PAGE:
A REBEL MINDED SOCIETY & HIPHOP IS GREEN PRESENT
A Rebel Minded Society & HipHop is Green present “State of Health: Our Mind Matter” a Live Roundtable on how we can change the narrative about mental illness to mental wellness. In addition, we will share some mental health resources and tools from people of color who are working hard to heal our communities.
Mental health is a critical part of our overall wellness and as racism and police brutality continues to have adverse consequences on our health and survival. We need to find ways to help those in need to get the proper help to cope and overcome. However before we can do so, we need to address the stigma and challenges of mental health in communities of color as well as the attitudes and norms regarding this.
For many people of color, their story is one of perseverance and resilience. It has to be in order to survive today. As a result, we often push through our “depression” and “anxiety” or are consumed by it instead of receiving the help we need from a physician or therapist.
Part of it is due to the lack of knowledge which leads many to believe that a mental health condition is a personal weakness or something to snap out of. Mental health is, after all, more than depression, anxiety, or a bipolar disorder diagnosis. It is your overall emotional and mental wellbeing, including both positive and negative elements.
The other part is the lack of access to affordable, appropriate, and culturally responsive mental health care professionals. Culture, a person's belief, norms, values, and language, plays a vital role in every aspect of our lives, including mental health. And currently, their a disconnects between the communities of color and the mental health care system due to the lack of cultural understanding. In order to fix that we NEED to have mental health professionals who have the ability to recognize and understand the role culture (yours and the physician’s/therapist’s) plays in treatment and to adapt to this reality to meet your needs. People of color need to be connected with a physician or therapist who looks like them, or at least someone who can understand what they are going through.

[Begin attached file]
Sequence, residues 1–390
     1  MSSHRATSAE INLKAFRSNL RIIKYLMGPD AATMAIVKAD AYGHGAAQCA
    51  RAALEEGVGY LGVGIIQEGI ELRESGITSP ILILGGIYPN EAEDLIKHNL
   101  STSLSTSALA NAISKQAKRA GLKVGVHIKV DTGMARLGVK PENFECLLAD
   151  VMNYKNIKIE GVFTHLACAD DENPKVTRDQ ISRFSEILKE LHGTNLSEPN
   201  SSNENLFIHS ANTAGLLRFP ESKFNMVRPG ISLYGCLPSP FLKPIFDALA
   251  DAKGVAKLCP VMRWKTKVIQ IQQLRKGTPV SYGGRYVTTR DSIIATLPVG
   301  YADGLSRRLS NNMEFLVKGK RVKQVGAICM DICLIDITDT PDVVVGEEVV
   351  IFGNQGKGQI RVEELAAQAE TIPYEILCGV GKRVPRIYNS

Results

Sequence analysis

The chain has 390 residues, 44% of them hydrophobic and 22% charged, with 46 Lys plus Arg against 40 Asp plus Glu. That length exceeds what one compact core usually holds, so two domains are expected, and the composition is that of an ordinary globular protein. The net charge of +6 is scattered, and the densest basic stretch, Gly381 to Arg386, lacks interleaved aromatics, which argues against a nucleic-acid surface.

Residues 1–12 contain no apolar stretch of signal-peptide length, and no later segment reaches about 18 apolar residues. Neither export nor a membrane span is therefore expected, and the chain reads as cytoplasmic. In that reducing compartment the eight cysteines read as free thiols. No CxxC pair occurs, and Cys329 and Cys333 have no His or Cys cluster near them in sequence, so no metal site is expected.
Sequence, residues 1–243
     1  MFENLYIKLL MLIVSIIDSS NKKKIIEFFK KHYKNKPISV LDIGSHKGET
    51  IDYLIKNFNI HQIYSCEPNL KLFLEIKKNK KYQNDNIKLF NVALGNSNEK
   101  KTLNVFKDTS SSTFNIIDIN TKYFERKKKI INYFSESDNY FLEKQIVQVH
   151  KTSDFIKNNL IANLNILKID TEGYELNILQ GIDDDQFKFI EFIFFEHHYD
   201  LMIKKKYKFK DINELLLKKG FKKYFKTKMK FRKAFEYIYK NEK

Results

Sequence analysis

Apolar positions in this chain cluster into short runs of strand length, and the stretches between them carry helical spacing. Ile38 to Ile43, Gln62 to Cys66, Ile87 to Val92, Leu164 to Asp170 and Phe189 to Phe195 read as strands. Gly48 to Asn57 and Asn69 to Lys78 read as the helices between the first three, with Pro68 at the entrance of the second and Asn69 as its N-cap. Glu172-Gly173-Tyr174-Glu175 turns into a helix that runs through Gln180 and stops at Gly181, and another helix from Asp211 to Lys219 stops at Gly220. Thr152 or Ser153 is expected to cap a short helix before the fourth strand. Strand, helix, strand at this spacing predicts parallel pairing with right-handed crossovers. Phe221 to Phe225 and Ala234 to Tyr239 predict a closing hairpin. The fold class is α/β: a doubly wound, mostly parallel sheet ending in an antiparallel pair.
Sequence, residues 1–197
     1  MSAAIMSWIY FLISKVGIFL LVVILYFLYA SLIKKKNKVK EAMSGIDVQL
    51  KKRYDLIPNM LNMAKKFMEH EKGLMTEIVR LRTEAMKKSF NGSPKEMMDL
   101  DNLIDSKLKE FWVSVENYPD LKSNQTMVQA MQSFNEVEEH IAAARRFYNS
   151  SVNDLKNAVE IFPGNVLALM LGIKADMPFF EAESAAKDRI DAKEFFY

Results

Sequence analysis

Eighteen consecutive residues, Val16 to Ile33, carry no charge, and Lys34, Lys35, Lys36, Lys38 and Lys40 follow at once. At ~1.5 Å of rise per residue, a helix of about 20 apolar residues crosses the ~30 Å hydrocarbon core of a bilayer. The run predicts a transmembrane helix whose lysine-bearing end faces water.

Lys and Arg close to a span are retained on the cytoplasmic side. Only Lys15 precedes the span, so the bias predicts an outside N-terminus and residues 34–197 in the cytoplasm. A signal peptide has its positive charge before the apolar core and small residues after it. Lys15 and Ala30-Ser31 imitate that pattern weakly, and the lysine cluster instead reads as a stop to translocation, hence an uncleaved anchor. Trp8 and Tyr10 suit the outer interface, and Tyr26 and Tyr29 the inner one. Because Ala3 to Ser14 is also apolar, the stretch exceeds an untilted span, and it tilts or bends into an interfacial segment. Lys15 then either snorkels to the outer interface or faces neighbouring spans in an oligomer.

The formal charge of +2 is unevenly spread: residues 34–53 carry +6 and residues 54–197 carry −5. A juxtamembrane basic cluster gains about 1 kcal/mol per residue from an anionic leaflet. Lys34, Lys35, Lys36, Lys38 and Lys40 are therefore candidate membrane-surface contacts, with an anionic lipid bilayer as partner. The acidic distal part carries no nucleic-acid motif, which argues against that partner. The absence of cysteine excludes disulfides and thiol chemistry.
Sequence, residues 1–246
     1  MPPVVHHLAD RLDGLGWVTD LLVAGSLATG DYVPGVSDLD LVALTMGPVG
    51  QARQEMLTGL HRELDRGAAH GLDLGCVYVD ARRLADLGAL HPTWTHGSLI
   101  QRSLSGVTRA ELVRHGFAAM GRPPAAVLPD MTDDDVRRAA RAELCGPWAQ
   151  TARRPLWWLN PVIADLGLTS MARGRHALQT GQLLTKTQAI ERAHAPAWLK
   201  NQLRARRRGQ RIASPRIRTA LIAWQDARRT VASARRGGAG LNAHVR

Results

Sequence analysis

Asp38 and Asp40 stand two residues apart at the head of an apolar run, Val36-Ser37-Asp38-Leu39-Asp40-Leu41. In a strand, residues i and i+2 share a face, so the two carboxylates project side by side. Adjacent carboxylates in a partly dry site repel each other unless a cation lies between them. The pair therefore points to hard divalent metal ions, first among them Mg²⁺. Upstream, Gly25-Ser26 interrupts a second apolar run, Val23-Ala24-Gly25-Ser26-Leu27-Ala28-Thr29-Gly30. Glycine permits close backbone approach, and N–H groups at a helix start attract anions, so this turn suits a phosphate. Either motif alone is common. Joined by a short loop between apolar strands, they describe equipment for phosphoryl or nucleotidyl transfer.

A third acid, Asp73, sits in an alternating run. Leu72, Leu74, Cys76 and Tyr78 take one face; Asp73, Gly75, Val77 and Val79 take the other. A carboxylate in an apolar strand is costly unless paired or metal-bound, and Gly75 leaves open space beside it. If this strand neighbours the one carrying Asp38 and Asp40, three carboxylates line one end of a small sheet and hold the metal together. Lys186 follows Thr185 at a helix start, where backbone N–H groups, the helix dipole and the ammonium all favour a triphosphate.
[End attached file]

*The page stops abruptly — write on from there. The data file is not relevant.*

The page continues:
According to the National Alliance on Mental Illness, adult people of color are 20 percent more likely to report serious psychological distress than adult whites. Despite the fact that people of color are less likely than Whites to seek out treatment and more likely to end treatment prematurely.
So as we continue to fight for our survival, It is important to know that efforts towards social justice among communities of color will remain incomplete until mental health disparities among this group are addressed and that seeking mental health treatment is a part of overall health. The Black community has a long history of social change and prioritizing mental health is not a sign of weakness, but an act of strength. So join us for the conversation moderated by Doc Beasley on June 29 at 7 PM EDT.
JUNE 29, 2020
Live Via Zoom